20 January 2014

Nigeria: Okonjo-Iweala, Yuguda Harp On Stoppage, Repatriation of Stolen Funds

The Coordinating Minister for the Economy and Minister of Finance, Dr. Ngozi Okonjo-Iweala has said Africa required more commitment from the international community to help recover a significant amount of stolen assets stashed away in foreign accounts by looters. She also said there was the need to intensify efforts towards the mobilisation of domestic resources and close existing gaps in the tax system as way of seeking innovative finance for development initiatives.

At a different forum, she suggested that African governments and politicians must devise ways of funding their elections in such a way that state funds are spared, noting that the failure to have a clear-cut funding mechanism for elections was the root cause of some of the corruption on the continent.

Okonjo-Iweala's plea came on a day the supervising Minister of National Planning, Mr. Bashir Yuguda, called for a global action on illicit financial outflows from Africa, which is estimated at about $50 billion annually.

Speaking at the weekend, in Abuja, at the opening of the 12th Plenary Session of the Leading Group (LG) on Innovative Financing for Development, which was organised by the National Planning Commission (NPC) and the LG, the minister stressed the need to harness the potentials of Nigerians living in the Diaspora in order to boost remittances into the country.

To this end, she reaffirmed that a Diaspora bond of between $100 billion and $200 billion would be floated by the federal government this year to support infrastructure development. She said: "Across the globe, efforts are increasingly focused on innovative ways in financing development. For me, the first innovative financing that we need to look at is how to mobilize domestic resources of countries and it is important to think about this.

"In Nigeria here, we find out that there is significant gap between us and other emerging market countries. Many of us our tax to GDP ratio is below 15 percent, if you look at the emerging markets tax to GDP ratio is in the mid 20s and for OECD countries it's about 33 per cent and up. And so there is a significant gap in terms of our tax efforts that we could tap into for financing."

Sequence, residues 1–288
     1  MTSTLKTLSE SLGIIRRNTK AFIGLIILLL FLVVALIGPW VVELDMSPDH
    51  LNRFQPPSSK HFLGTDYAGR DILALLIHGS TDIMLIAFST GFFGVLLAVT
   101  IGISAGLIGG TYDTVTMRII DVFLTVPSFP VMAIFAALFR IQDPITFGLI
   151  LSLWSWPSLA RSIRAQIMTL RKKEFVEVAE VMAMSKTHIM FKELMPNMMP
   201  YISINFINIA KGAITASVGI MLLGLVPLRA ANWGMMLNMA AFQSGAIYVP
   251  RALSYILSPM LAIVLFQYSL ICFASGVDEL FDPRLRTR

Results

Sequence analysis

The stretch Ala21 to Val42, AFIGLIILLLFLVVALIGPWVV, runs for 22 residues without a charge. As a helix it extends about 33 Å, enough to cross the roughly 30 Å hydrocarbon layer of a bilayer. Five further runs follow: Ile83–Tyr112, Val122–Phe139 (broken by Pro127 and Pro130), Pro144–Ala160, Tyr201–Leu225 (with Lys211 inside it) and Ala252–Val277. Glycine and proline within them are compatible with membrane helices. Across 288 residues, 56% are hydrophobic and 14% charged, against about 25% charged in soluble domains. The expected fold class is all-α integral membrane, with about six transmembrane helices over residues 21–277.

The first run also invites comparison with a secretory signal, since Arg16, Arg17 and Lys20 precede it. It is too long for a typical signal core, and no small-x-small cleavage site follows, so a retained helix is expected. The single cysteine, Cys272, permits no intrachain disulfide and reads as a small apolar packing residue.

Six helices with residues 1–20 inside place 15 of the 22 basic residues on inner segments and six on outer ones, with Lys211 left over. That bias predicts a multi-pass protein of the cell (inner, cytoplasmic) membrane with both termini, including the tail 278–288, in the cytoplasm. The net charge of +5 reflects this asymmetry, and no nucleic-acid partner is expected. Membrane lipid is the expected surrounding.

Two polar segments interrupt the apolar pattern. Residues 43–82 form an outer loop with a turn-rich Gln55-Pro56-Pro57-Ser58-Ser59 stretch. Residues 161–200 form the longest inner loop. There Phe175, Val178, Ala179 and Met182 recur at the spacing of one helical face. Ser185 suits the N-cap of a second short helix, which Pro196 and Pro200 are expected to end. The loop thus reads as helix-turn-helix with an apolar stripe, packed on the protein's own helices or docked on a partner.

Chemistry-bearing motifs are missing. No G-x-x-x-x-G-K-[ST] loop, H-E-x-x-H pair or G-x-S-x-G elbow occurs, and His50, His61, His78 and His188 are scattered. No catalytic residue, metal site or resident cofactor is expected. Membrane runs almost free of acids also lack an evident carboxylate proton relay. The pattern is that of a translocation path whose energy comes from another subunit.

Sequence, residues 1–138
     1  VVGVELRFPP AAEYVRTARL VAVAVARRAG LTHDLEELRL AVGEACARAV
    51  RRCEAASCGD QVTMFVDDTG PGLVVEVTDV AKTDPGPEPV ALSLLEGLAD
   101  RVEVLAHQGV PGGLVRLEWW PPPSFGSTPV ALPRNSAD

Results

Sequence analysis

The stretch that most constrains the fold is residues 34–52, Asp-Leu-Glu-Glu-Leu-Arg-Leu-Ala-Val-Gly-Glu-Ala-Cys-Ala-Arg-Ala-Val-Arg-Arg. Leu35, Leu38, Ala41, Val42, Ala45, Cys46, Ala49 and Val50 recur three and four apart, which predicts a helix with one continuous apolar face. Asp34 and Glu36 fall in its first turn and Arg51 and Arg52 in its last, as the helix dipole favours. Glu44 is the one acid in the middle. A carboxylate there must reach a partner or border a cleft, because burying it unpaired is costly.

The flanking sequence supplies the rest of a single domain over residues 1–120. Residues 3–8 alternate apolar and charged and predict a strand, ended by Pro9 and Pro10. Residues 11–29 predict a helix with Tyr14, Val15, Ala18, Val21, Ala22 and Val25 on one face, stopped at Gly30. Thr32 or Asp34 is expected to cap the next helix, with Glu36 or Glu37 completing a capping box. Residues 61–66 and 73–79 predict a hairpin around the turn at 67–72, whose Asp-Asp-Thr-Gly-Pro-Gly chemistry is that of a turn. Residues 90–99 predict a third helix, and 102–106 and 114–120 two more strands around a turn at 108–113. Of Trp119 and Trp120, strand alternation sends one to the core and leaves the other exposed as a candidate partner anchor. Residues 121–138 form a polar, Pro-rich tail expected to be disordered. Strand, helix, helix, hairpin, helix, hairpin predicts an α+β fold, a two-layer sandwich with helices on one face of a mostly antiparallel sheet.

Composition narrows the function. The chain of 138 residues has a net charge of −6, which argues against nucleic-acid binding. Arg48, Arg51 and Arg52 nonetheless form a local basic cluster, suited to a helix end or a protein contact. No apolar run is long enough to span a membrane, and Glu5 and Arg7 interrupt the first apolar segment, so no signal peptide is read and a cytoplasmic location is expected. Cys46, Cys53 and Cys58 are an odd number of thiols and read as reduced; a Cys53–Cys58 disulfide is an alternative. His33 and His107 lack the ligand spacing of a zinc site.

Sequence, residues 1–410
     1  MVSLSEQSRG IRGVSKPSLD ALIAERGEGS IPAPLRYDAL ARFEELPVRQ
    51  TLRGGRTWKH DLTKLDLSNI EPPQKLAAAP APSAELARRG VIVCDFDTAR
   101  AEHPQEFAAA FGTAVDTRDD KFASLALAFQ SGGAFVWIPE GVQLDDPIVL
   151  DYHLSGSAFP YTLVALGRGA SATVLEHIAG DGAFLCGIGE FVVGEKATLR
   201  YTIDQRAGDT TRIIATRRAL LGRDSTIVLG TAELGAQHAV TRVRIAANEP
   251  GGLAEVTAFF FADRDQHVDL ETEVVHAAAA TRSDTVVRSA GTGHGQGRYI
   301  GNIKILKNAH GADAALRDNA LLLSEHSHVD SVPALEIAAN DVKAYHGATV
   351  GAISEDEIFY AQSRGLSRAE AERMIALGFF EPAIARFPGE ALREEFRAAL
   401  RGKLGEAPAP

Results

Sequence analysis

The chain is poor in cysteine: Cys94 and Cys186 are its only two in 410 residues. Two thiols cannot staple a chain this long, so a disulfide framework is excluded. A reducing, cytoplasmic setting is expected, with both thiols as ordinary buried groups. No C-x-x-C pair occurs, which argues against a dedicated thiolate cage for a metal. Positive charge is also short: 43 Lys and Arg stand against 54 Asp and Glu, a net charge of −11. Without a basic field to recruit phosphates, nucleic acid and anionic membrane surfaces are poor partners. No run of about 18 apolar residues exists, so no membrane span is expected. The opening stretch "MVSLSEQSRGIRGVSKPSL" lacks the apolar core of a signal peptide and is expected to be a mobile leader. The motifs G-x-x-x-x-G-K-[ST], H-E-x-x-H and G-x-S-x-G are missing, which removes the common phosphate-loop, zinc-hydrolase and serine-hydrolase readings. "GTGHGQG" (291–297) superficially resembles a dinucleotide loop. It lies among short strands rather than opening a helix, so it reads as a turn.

However, Yuguda, in his remarks, said:"The Leading Group should collaborate with the panel and other relevant organisations in addressing this threat because of its damaging impact on development."

According to him, statistics had shown that illicit financial flows from Africa alone was twice the amount of Official Development Assistance (ODA), which is extended to the continent in one year.

He further called for the development of partnership between the public and the private sector which, according to him, would help to mobilise more financial resources for development. The minister said the LG would need to focus more attention on the imperative of strengthening measures against illicit capital flight and tax avoidance, especially now that the world seem to be paying attention to the menace-with the setting up of the High Panel on Illicit financial flows from Africa under the Chairmanship of Mr. Thabo Mbeki, former president of South Africa. Nigeria, through the National Planning Commission, was elected presidency of the LG at the 11th Plenary held last year in Helsinki, Finland Republic.

Meanwhile, Okonjo-Iweala, in far away South Africa, has challenged African nations to evolve a transparent and clear-cut election financing mechanism. The minister stated that election financing devoid of clear-cut mechanism is of one of the root causes of corruption, "which we don't usually talk about very much."

In an address she presented at the TEDxEuston forum in South Africa recently, she said most Africans now prefer multi-party democracy, which called for the conduct of elections. "Now, I want to delve into one more aspect which is also an important issue. That is an aspect of one of the underlying sources or roots of corruption, which we don't usually talk about very much. I want the young people on the continent to truly think about it, it is about how we finance our democracy and finance our elections.

"We all want democracy in our countries; we have worked very hard on the continent to have this. So many countries now practise multi-party democracy; we now conduct elections. It's the only form of governance that can allow a voice for the people.

"Have you ever thought of how elections are financed? No country has been able to crack this problem. In the US they have conversation about campaign finance and they've tried to reform it; they've got a system, but I'm sure they will admit it's not perfect; even in the United Kingdom (UK) and so many other countries. But at least they are having a conversation about it, isn't it? And they are talking about what to do to make it better," she said.

"To me one of the root causes of corruption on the continent is the way we finance or do not finance elections properly. We have adopted systems that demand that politicians campaign, haven't we? Campaigns cost money. But where does that money come from?

"If we don't find a legitimate means of supporting campaigns, then all sorts of ways are found to do this. It could be, as I said before, engaging business people who support an individual, a system or a party and then later on, they have to be rewarded through contracts or other means that may actually not help but undermine the economy and development," she said.

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